A Genealogy of the Modern Self: Thomas De Quincey and the Intoxication of Writing
Stanford University Press, 1995 - 348 pages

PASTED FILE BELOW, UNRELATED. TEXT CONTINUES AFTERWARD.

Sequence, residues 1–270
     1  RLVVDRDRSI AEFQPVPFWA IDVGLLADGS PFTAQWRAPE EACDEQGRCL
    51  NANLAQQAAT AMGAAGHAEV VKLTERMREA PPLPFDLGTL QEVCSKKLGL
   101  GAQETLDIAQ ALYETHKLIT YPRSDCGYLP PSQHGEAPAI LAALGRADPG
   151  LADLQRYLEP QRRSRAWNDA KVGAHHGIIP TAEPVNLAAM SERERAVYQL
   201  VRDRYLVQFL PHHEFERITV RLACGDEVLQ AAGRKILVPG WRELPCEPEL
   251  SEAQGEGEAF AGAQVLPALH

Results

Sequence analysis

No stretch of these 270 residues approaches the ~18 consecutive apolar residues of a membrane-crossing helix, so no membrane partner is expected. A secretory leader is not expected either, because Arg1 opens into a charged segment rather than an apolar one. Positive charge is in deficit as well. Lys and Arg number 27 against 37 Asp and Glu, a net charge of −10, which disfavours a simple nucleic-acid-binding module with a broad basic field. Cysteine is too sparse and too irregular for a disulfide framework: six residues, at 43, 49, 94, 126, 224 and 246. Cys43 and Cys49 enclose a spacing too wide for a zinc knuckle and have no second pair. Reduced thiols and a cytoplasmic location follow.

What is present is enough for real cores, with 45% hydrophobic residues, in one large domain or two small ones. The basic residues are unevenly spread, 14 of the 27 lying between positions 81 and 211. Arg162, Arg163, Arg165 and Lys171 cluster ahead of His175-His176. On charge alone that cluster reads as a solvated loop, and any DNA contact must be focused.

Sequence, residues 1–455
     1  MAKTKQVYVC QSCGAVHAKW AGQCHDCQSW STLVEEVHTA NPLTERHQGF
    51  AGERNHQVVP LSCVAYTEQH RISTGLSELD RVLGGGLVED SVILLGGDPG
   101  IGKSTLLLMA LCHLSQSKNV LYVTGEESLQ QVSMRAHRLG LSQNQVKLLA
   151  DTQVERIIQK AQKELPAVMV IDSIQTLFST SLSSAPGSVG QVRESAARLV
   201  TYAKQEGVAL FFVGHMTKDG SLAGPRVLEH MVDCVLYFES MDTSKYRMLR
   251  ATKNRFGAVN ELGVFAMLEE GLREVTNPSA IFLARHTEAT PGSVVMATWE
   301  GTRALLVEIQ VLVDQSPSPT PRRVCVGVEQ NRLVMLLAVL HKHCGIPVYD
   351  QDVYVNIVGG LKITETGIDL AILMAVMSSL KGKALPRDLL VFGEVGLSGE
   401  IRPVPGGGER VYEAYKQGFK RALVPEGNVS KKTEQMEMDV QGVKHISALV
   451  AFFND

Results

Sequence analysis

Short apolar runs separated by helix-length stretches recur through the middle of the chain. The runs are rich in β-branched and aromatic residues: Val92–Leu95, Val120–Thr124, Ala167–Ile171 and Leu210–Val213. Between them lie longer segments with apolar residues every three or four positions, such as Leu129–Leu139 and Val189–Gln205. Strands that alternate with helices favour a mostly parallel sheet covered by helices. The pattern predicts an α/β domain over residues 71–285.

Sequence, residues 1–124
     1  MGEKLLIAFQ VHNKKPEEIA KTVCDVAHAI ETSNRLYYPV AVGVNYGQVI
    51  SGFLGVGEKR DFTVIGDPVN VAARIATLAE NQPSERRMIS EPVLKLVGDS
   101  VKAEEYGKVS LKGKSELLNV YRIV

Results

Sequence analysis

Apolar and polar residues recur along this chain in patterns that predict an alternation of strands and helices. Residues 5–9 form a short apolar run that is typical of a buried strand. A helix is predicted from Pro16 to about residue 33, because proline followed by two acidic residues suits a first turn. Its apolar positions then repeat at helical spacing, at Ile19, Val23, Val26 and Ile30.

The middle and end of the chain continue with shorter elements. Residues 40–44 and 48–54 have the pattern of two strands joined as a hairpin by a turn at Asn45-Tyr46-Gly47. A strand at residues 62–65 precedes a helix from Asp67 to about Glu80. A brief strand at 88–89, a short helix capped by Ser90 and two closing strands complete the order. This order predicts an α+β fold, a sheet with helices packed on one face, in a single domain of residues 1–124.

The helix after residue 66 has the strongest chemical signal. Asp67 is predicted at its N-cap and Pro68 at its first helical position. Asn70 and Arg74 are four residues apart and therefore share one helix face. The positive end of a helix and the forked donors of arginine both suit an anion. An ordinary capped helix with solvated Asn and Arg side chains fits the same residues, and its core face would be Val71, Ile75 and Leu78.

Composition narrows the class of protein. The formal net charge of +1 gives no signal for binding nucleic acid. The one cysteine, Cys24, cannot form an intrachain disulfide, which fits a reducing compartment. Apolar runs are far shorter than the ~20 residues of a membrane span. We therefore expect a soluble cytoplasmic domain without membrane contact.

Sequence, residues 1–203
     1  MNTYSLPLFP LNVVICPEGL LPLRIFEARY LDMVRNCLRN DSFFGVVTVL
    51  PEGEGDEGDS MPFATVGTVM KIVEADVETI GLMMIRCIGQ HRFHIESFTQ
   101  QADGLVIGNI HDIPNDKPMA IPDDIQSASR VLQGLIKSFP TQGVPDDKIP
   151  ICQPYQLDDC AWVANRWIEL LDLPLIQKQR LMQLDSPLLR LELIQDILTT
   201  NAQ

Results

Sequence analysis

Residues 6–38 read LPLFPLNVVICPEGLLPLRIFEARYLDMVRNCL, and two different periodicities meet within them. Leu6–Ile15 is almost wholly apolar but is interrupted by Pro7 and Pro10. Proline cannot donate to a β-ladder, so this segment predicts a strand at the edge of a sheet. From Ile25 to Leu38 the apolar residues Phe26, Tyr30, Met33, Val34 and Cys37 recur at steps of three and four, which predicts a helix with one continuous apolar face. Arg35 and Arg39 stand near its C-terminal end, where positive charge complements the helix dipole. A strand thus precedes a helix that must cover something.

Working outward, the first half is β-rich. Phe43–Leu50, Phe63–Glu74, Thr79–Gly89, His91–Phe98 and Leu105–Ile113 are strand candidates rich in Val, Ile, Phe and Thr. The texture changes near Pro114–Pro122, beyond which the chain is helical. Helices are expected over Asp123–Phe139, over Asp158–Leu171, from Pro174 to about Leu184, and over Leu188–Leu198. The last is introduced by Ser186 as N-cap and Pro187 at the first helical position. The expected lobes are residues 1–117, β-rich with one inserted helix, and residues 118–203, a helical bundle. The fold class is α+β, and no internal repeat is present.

As this book's title suggests, its main argument is that Thomas De Quincey's literary output, which is both a symptom and an effect of his addictions to opium and writing, plays an important and mostly unacknowledged role in the development of modern and modernist forms of subjectivity. At the same time, the book shows that intoxication, whether in the strict medical sense or in its less technical meaning ("strong excitement," "trance," "ecstasy"), is central to the ways in which modernity, and literary modernity in particular, functions and defines itself. In both its theoretical and practical implications, intoxication symbolizes and often comes to constitute the condition of the alienated artist in the age of the market.
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